In plants, undifferentiated meristem tissue provides stem cells to produce roots and shoots. The root meristem contains a few of these stem cells in a region called the quiescent center. Ortega-Martínez et al. (p. 507) studied Arabidopsis plants with a defect in a gene that controls ethylene biosynthesis and found that it produced more of the gaseous hormone ethylene. The quiescent center cells in these mutants went through more cell divisions than normal, resulting in extra stem cells in the root meristem. Adding exogenous ethylene also increased quiescent cell division, and blocking its synthesis in the mutants prevented extra divisions.

  10. Noise, Gene Expression, and Competence


    The soil bacterium Bacillus subtilis can become “competent”—it can take up genetic material from its surroundings. Competence is regulated by the protein ComK, which controls the genes responsible for DNA uptake. However, cells can only transition to competence in a random fashion during a limited period of time at the beginning of the stationary phase of growth. Maamar et al. (p. 526, published online 14 June; see the Perspective by Mettetal and van Oudenaarden) now find that temporal regulation of comK transcription defines the “window of opportunity” during which cells can become competent, and intrinsic noise in gene expression controls the rate at which stochastic transitions to the competent state occur.

  11. Aerobes Far and Wide

    Aerobic phototrophic bacteria that utilize bacteriochlorophyll for light harvesting and charge separation were at first thought to be limited to selected, nutrient-rich environments, but similar organisms were later found to be ubiquitously distributed in the upper ocean. The subsequent discovery of proteorhodopsin-containing bacteria indicated that phototrophy is common among Proteobacteria. Bryant et al. (p. 523) now describe another surprise, an aerobic bacterial phototroph within the phylum Acidobacteria.

  12. Potential Parkinson's Intervention

    Several neurodegenerative disorders are associated with protein misfolding and are intimately associated with aging. Outeiro et al. (p. 516, published online 21 June 2007; see the Perspective by Dillin and Kelly) identified a compound that can modulate toxicity and aggregation of α-synuclein, a protein associated with Parkinson's disease. The compound exhibited selective inhibitory activity against human sirtuin 2 (SIRT2) deacetylase and possessed efficacy in several Parkinson's disease model systems, increasing the size of intracellular α-synuclein aggregates. The results suggest a cytoprotective role for larger inclusions.

  13. Trapped Tetrahedron

    Synthetic macromolecular cavities have been used to stabilize a range of highly reactive small molecules by relying on simple confinement to inhibit reactions of the guest with surrounding media. Iwasawa et al. (p. 493) have extended this approach to more active stabilization of reaction intermediates. They prepared a basket-shaped cavity with a hydrophobic interior and polar rim, and tethered an aldehyde to the rim facing inward. In organic solution, this receptor attracts alkyl amines and orients the polar nitrogen toward the aldehyde, thereby facilitating formation of a tetrahedral hemiaminal species along the pathway toward imine formation. In reactions of free aldehydes with amines, such an intermediate is typically too short-lived to observe, but the receptor stabilizes the motif for minutes to hours, depending on the amine structure, and enables observation by nuclear magnetic resonance spectroscopy.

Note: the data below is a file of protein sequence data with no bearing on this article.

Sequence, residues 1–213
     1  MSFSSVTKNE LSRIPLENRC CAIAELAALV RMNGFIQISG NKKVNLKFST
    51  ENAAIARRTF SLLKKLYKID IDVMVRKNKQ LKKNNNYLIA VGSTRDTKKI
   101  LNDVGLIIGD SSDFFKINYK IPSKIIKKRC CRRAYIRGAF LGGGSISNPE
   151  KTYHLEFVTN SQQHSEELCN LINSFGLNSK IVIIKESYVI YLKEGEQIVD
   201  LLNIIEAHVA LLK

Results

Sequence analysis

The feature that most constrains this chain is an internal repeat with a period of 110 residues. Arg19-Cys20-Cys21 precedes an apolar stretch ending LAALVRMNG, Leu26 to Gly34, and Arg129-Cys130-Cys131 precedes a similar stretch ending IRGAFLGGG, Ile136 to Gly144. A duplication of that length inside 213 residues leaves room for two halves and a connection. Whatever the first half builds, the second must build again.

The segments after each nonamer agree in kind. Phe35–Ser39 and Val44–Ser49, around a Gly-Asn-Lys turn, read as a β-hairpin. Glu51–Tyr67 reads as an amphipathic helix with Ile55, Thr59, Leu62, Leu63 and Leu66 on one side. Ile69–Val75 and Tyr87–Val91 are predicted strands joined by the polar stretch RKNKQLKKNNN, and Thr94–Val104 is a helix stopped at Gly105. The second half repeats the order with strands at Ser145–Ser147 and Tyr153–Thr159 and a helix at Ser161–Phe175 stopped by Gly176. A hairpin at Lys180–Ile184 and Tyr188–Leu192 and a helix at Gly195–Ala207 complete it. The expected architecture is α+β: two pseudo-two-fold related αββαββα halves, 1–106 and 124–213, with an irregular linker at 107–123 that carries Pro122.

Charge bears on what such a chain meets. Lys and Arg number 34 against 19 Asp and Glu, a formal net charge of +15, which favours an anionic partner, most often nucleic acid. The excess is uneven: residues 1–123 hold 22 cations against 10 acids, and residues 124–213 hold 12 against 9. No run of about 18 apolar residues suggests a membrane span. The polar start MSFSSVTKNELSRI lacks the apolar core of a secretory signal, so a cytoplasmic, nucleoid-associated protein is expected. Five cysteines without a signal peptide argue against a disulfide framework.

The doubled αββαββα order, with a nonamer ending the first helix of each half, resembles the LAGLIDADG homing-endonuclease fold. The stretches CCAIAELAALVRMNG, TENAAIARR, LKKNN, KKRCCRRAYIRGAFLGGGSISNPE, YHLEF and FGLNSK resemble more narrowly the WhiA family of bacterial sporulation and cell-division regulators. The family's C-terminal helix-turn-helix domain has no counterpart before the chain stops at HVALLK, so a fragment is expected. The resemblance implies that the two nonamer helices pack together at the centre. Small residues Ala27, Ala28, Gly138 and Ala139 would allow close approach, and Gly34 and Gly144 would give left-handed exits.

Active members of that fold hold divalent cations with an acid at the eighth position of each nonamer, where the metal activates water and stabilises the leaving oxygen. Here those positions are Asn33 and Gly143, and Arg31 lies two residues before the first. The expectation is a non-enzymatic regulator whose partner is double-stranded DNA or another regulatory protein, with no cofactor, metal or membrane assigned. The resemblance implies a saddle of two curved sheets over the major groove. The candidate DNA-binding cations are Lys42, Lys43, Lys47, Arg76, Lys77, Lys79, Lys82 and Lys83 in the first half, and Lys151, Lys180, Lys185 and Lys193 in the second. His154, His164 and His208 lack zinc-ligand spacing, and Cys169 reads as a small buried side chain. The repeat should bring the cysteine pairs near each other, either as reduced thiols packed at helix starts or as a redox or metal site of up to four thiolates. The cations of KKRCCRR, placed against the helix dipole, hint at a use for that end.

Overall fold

14. Ocean Currents and Climate Change

    Abrupt climate changes during the last glacial period are clearly visible in a variety of ice-core, marine, and terrestrial records, but how they may have been related to ocean circulation has remained unclear. Martrat et al.(p. 502, published online 14 June) present results from marine sediment cores from the Iberian margin in the North Atlantic Ocean—a location that records variations in the transport of water from polar latitudes—which indicate that cold periods after relatively warm ones occurred when the major source of deep waters changed from the Northern to Southern polar regions. Their data demonstrate that this pattern began at least 420,000 years ago, and strengthen the link between the deep ocean and changes at the surface of Earth.

  15. Leukotriene Synthesis Inhibitors in a FLAP

    Leukotrienes are bioactive lipid metabolites involved in respiratory and cardiovascular diseases. They are synthesized from arachidonic acid by the enzyme 5-lipoxygenase and the integral membrane protein 5-lipoxygenase-activating protein (FLAP), which plays an essential role in their biosynthesis. Ferguson et al.(p. 510, published online 28 June) describe the crystal structure of human FLAP in complex with two different leukotriene biosynthesis inhibitors. The structures suggest how the inhibitors prevent arachidonic acid from binding to FLAP, from which it is likely transferred to 5-lipoxygenase. The structural data provide a basis for the development of drugs targeted against FLAP that would inhibit leukotriene biosynthesis.

  16. Helicase Step Size Revealed

    Nonstructural protein 3 (NS3) is a helicase that is essential for hepatitis C virus replication. It unwinds both DNA and RNA and is a model enzyme for investigating helicase function. Myong et al.(p. 513) used single-molecule fluorescence analysis to show that unwinding of DNA occurs in approximately three base-pair steps but that hidden steps occur before the bases unzip. They propose that two domains of NS3 translocate in single-nucleotide steps, each coupled to hydrolysis of one molecule of adenosine triphosphate, while a third domain remains anchored to the DNA. This process builds up tension in the DNA-protein complex that is relieved when the third domain moves forward, resulting in a burst of unwinding.

  17. Correcting Cocaine-Induced Plasticity

    It has been proposed that metabotropic receptor-dependent long-term depression (mGluR-LTD) can reverse cocaine-evoked synaptic plasticity in the ventral tegmental area (VTA). Mameli et al.(p. 530) have now unraveled the expression mechanism of mGluR-LTD in the VTA of mice exposed to a single dose of cocaine. LTD in this system is not due to the simple removal of AMPA receptors (AMPARs) from the synapse. Instead, AMPARs are replaced by new ones that contain newly synthesized GluR2 subunits. The synapse thus expresses LTD not because there are fewer receptors, but because the conductance of the new GluR2-containing AMPARs is reduced.